Wednesday, April 14, 2010

Update on My Civil War Novel

I know I’ve blogged on a somewhat eclectic array of topics over the past few weeks, everything from short-story contests, to speaking with literary agents, to creating an online Sci Fi saga. Sitting still has never really been one of my virtues. But I wanted to give you all a brief update on the current status of my primary literary endeavor, namely the progress with getting my historical war novel closer to publication, The Long Defeat.

I have several agents that have expressed an interest in possibly representing my work, and when I mentioned that I have a professional editor working with me on polishing the manuscript they asked to see the entire final copy once I’ve completed the editorial process. Needless to say, I’d love to have the whole book sparkling and ready for them to view tomorrow, but constantly editing and rewriting a novel takes a lot of time. Currently, my editor, Lea Beresford, has projected to have the last edits to me by sometime in early May. In the meantime, I continue to go through her track-changes and other edits, sifting through every word and sentence to make sure it comes across exactly as it should. There’s a lot to consider when crafting sentences for today’s publishing world. You may think to yourself…but Mark, what’s there to rewrite? Don’t you like it the way it is? Sure I do. But there’s a lot more to consider, and this is where my education in the publishing world continues to grow each day. There are other questions a writer must ask oneself when editing a novel for publication, i.e. Is the subject matter sellable? Does the story’s tension pervade the entire work? Will your audience understand what you are trying to convey? The answer to all of these questions must be Yes, Yes, and more Yes at every step of the way. Each page, paragraph, and sentence must be able to stand up to the rigors and demands by which we judge the entire work. Like they say, the biggest part of writing is…you guessed it…rewriting.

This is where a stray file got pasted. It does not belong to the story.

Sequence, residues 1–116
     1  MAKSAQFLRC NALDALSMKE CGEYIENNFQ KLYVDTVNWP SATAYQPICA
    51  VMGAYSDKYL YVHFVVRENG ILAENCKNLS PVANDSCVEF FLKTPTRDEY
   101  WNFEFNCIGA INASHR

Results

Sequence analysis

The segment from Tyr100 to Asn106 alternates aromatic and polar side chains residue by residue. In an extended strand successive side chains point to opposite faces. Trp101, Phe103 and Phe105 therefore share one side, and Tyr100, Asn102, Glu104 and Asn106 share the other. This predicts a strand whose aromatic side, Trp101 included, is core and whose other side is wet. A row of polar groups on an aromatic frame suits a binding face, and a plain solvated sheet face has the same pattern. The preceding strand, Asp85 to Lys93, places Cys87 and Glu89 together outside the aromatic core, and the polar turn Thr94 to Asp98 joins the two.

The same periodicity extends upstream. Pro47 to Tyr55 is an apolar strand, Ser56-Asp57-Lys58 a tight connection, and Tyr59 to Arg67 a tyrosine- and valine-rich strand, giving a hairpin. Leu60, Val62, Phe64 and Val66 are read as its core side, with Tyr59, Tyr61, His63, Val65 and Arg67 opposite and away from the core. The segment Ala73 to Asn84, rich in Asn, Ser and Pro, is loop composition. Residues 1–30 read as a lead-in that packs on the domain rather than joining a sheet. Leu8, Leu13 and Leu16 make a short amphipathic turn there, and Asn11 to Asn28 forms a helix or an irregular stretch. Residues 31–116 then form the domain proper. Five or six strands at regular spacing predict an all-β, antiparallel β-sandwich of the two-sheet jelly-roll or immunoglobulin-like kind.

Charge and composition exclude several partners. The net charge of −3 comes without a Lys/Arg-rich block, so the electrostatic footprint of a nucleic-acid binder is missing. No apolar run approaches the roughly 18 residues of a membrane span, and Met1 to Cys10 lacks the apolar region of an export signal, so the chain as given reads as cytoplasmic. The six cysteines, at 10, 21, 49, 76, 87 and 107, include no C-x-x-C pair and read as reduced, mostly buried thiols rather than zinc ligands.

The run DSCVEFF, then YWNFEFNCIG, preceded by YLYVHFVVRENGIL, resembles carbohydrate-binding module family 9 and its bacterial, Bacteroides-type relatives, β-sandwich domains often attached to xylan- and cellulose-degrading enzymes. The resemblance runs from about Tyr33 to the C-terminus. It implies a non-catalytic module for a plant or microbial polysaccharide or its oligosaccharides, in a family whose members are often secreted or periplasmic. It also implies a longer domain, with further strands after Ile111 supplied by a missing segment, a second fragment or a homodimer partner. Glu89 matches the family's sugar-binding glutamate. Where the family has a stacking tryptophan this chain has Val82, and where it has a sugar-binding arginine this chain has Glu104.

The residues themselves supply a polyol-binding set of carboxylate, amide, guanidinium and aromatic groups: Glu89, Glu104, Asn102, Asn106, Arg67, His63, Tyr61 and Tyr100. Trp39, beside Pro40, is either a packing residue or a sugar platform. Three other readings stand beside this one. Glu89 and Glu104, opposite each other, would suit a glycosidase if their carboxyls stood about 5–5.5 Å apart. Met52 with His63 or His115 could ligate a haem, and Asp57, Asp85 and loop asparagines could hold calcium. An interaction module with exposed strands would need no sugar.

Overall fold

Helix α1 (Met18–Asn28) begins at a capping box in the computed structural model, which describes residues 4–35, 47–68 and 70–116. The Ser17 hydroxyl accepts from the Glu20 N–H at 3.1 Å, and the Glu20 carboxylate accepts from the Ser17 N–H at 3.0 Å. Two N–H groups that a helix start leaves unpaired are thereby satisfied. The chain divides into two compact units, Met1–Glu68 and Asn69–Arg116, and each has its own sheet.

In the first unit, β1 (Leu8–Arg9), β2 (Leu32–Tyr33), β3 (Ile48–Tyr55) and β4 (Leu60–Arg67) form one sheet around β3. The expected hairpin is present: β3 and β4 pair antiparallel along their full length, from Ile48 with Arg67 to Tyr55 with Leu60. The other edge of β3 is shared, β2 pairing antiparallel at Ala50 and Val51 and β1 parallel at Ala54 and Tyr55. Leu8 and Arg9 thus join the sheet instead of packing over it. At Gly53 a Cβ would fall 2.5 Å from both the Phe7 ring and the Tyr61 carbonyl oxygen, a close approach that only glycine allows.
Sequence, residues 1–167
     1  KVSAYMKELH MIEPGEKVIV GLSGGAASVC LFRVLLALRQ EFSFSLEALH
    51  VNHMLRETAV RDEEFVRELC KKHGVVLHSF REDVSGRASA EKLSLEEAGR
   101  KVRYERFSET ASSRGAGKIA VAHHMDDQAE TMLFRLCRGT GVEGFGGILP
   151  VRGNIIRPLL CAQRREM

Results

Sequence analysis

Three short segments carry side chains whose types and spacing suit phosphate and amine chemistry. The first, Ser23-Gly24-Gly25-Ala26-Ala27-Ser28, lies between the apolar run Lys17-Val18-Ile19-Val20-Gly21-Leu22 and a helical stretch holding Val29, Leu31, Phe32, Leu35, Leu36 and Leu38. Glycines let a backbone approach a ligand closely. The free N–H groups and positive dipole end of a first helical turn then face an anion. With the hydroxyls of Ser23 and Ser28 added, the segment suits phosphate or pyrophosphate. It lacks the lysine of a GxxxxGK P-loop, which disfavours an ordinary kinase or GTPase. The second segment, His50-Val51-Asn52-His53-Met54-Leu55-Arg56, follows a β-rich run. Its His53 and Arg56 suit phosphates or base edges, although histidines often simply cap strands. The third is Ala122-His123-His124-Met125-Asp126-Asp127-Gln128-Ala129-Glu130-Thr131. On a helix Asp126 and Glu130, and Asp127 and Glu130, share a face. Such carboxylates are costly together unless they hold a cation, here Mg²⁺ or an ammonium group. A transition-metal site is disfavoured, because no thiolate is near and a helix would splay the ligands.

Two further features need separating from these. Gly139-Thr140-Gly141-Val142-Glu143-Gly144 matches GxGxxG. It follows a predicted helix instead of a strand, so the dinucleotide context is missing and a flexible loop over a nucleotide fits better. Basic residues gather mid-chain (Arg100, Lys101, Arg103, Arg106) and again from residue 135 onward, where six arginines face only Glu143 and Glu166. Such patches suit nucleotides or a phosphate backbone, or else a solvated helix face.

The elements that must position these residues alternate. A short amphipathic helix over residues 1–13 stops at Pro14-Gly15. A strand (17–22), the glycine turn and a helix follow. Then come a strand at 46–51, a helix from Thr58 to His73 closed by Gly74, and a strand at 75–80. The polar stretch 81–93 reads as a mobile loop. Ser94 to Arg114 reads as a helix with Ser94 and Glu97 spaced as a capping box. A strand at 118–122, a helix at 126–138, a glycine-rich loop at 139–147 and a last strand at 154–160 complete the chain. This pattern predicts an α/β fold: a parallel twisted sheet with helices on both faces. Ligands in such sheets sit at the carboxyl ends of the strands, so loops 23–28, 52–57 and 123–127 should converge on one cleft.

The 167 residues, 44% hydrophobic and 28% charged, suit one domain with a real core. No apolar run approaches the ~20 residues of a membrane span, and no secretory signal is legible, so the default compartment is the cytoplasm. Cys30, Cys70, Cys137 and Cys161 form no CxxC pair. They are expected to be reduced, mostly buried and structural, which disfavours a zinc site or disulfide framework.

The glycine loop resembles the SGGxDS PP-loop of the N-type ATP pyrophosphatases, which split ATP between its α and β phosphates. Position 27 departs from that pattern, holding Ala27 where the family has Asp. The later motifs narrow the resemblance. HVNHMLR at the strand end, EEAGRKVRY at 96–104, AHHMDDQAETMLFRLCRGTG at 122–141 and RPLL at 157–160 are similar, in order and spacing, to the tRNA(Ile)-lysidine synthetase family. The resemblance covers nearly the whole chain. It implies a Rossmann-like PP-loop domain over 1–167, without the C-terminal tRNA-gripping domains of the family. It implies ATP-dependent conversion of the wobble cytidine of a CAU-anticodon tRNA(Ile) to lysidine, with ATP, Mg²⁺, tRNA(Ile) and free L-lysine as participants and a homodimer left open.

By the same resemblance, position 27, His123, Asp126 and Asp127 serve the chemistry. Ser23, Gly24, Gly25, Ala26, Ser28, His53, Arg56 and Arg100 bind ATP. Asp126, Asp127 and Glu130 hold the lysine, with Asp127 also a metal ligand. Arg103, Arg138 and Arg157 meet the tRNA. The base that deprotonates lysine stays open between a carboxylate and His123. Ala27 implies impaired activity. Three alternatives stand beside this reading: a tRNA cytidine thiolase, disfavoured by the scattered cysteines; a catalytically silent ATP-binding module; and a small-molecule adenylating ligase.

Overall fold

For those of you just tuning in, allow me to briefly explain the synopsis of my book. At the height of the American Civil War, the destinies of two men are set on a collision course when they and their comrades meet under a flag of truce, only to later find themselves facing one another again on opposing sides of the battlefield. The Long Defeat chronicles the personal stories of a Northern soldier, William S. Book, and a Southern Confederate, Nathaniel Saxon. William S. Book of Boston embodies the Northern man of industry and progressiveness; Nathaniel Saxon of New Orleans represents the Southern soldier of culture and tradition. The novel revolves around these two diametrically opposed protagonists and several of their fellow comrades-in-arms who convey their thoughts and fears in letters written to mothers, wives, and other women back home. Each chapter is written in a third-person objective style and concludes with a letter written by one of the primary characters in the novel. Written from epistolary perspectives, these men describe hard marches, severe hunger, brutal battles, even more brutal hospitals, prisoner exchanges, and even death. In addition to this novel being a historical fiction, I have also gone to great lengths to ensure the authenticity and historical accuracy of the campaigns and armies portrayed in The Long Defeat. For those of you who haven’t had a chance yet to read an excerpt of my book, just give me a ping and I’ll email you a copy. In the meantime, I’ll keep you updated as my novel marches ever closer to publication. Thanks!

1 comment:

  1. I forgot to mention that my latest trip to New Orleans also has added additional inspiration in spicing up the details of my character backgrounds within my novel:)